Mercy Watson – is a good, solid, funny read.  (Though personally I’m learning I don’t really enjoy animal books for some reason? But the kiddo enjoys it.)
Martin Bridge – Probably the longer of the books here, but I was desperately searching for a human boy who has the kind of adventures I want my son to have and that’s how I found Martin.  We have 

Martin Bridge: On the Lookout! on hand to read next.

Annie & Simon – I love these little stories of a little girl and her much bigger brother.  They go canoeing, they go watch a meteor shower and many other things and the stories are sweet and fun.

The Whale – This is actually the second book in the Lighthouse Family series (we’re on the waiting list for Book 1).  We read about half of this book one night and then kind of forgot about it for a few days, me thinking that it hadn’t gotten his interest but last night out of the blue he announced that we really needed to find out what happened to the mama and baby whale.  So I think it was a good choice.

Mrs. Noodlekugel – Fun early chapter book and about a couple of siblings and their new babysitter – a little Mrs. Piggle-Wiggle and a little Pippi Longstocking.  We have
Mrs. Noodlekugel and Drooly the Bear and Mrs. Noodlekugel and Four Blind Mice next in our line up.

The Littles – The Littles was a fine book, but a little dull I think.  I think we’ll dive into the actual Borrowers books this fall instead.

The Miniature World of Marvin & James – A fun story about a boy and his best friend, a beetle, and the adventures Marvin gets into while James is on a vacation with his family.  A fun, whimsical little story with good illustrations.

Of course the fun doesn’t stop there.  We still have large stack to get through, but I can’t tell you to take my word on these titles quite yet.

Rainy Sundays

Honestly I can’t believe it’s only Sunday.  Yesterday was one of those surprisingly productive days – we slept in, did our usual “Dipping Toast” breakfast (french toast), had some family visit and I still feel like I got a lot done.  Thanks to that family visit we’re drowning in produce – peppers, cherry tomatoes, peaches, pears.  Oh so good.

I had picked up some cucumbers from a farm a few days ago so once the family was gone I set to work remembering how to make pickles.  I guess I cheated a bit, because I used premade pickle spices, but I think that was for the best as I was still remembering steps and timing.  But in the end we have pickles!  Dill spears and Bread & Butter slices.  I also learned that you can can peppers!  So I sliced up (wear gloves!!!) the bunch we had received, boiled a water/vinegar/garlic solution and canned the peppers in small jars.  Ben is under orders to add those peppers to everything he can this winter.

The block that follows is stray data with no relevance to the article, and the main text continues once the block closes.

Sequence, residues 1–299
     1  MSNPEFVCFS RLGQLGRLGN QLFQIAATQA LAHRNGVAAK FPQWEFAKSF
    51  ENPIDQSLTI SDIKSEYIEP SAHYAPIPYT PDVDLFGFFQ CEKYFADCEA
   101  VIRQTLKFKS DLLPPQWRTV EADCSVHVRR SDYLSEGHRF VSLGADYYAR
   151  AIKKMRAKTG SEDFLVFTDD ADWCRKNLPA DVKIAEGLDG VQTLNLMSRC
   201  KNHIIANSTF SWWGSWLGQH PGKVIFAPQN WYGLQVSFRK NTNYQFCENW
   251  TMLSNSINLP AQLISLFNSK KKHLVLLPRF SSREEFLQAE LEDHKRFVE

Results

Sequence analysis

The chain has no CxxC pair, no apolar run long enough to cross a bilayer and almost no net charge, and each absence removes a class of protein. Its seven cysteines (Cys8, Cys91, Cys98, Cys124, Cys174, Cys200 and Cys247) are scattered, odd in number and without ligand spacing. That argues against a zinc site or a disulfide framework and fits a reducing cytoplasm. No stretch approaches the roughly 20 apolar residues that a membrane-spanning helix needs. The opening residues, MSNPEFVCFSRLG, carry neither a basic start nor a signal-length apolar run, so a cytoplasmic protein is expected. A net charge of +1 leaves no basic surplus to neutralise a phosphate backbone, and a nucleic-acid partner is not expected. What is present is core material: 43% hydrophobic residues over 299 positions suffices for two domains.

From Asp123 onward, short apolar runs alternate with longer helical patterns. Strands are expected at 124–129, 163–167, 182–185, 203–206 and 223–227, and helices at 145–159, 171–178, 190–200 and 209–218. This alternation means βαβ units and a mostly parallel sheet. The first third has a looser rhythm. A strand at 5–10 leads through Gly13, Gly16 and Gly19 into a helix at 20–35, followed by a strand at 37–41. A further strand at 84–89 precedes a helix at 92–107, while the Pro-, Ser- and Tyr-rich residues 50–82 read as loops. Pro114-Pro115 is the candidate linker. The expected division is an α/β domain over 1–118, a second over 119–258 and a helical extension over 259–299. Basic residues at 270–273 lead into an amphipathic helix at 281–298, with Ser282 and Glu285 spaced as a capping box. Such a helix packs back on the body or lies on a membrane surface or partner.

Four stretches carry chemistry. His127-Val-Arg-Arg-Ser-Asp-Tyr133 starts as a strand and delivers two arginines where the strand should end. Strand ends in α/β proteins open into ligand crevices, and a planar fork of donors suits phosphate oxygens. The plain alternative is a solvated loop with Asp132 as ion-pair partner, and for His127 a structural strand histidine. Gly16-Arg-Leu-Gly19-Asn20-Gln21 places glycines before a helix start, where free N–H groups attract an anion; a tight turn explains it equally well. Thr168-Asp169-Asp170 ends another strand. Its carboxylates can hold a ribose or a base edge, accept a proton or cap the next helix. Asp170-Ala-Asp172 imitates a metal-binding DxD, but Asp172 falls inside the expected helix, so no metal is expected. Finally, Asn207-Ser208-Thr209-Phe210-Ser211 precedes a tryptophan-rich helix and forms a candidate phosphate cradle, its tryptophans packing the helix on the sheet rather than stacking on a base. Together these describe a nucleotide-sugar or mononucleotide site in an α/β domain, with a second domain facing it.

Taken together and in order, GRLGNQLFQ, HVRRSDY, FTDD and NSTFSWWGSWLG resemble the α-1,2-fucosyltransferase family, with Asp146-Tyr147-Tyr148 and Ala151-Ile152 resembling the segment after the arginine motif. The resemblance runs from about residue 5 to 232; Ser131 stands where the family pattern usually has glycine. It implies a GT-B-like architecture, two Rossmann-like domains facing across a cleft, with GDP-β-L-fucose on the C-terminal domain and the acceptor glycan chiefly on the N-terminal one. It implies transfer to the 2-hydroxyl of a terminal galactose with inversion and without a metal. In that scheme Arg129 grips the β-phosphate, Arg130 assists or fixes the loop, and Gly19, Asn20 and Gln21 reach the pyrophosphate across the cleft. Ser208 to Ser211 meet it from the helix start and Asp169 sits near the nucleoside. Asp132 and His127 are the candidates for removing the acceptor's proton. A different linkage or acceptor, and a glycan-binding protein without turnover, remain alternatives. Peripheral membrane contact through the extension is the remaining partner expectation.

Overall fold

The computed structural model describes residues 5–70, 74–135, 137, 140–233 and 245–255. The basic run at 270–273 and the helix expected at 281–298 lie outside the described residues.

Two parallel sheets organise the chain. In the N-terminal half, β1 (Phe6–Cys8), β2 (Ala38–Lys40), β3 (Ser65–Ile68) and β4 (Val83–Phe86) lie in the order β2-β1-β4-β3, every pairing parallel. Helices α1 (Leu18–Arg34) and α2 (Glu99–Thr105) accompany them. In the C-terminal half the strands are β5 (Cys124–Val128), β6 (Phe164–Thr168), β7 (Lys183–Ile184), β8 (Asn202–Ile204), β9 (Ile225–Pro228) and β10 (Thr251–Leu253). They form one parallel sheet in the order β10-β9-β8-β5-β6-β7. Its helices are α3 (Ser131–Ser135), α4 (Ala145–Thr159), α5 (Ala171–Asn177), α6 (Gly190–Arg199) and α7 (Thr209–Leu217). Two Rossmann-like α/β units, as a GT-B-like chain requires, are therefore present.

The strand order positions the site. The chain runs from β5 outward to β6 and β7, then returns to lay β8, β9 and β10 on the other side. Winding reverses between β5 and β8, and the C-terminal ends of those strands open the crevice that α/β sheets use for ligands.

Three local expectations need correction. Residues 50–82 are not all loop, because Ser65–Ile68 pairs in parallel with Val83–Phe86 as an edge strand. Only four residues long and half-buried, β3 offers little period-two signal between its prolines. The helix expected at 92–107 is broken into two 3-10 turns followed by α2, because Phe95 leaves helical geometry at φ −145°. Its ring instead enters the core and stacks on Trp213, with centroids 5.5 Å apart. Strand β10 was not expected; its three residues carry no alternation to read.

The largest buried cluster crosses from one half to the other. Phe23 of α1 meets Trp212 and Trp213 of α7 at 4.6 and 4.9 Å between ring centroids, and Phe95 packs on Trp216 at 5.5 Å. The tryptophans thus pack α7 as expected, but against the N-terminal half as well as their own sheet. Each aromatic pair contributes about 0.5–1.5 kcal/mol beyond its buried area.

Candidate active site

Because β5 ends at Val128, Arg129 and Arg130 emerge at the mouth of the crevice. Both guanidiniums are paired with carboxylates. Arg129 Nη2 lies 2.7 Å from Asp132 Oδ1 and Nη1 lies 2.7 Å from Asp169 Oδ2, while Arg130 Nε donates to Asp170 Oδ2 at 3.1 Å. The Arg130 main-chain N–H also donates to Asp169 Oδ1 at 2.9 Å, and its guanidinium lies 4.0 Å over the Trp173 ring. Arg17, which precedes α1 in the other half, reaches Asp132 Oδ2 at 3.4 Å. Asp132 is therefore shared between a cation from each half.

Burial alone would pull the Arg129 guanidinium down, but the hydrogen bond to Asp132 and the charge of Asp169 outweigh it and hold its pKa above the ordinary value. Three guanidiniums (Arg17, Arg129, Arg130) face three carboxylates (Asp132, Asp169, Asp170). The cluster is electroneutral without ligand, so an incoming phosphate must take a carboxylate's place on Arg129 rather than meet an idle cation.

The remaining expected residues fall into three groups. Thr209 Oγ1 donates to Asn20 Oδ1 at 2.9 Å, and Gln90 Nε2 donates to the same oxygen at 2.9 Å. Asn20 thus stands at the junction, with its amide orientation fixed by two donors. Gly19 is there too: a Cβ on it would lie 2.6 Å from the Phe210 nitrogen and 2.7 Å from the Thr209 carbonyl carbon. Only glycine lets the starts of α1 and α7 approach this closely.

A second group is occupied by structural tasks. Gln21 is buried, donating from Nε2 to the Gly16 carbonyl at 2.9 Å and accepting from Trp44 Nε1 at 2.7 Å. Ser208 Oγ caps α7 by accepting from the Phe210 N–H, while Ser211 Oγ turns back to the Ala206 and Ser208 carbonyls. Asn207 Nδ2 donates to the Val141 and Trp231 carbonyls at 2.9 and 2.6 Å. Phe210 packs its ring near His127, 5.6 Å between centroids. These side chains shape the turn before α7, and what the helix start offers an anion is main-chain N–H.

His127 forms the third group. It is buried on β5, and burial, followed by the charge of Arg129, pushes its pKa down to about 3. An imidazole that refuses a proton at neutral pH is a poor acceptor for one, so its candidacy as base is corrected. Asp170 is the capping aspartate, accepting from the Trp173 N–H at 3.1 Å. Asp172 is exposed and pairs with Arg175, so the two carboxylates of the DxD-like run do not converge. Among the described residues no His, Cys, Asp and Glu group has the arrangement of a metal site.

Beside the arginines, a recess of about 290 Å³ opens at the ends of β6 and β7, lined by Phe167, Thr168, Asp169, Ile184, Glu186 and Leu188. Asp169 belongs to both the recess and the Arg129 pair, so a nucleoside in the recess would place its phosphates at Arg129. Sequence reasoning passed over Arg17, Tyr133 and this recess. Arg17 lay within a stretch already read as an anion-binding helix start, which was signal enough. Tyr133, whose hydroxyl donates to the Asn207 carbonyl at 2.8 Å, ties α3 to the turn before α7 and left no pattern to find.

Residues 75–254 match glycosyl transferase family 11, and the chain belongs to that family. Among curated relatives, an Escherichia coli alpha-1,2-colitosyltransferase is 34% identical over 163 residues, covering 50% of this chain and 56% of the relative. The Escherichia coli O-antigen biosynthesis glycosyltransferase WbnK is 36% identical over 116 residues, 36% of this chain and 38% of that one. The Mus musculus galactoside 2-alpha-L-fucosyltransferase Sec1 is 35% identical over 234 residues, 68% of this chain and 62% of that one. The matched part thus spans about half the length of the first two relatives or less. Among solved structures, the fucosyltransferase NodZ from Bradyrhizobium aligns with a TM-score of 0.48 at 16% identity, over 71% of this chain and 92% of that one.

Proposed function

The cherry tomatoes are going in the freezer whole and I’m waiting a few more days for the pears to ripen.  Turns out – pears don’t ripen on the tree, only once they’re been picked which explains why I’ve never had luck picking ripe pears before (the more you know!); once they’re ripe I’m going to just can them in a light syrup.

The peaches are going to be sacrificed to try out this recipe because it just sounds delicious!

A few days I go I boiled/blanched probably two dozen ear of corn and froze the kernels.

Needless to say my kitchen feels quite productive right now!  I can’t wait for a few years down the road when I might have a chest freezer.  I’d love to take advantage of cheap produce in August and get our frozen veggies and a few canned treats ready for winter like this.

I did learn a few years ago to be a bit more selective about what we actually eat when it comes to canning.  While it was fun to make jams, we just don’t eat a lot of jam or jelly so in the end it was big waste of time and money.  After taking a break from preserving last year I still wanted to do something, but a bit more selective.  So far this year feels right – a couple things canned that I know will get eaten, a couple of things frozen that I know how to use, etc.

The second round of my garden is going well enough – peas are flowering, beans have shot up and I might actually get a head of broccoli or two after all.  So maybe not a total wash this year after all.

I’ve also been planning out my crafting for the …. rest of the year.  Halloween costumes to make, Martinmas gifts, stashes that need busting, etc.  There’s a lot on my palate, but I’m excited to show you  these things as I finish them.  If you want to see what’s in my knitting que you can check out my collection of patterns here.  Then I’ve got some sewing to do.  I’m finishing a kimono top this weekend and then I have two dresses and (thanks to a great thrifted fabric score) a bunch of flannel pajamas pants/sets to make before it gets cold.

If I’m not around for a while… you’ll know why.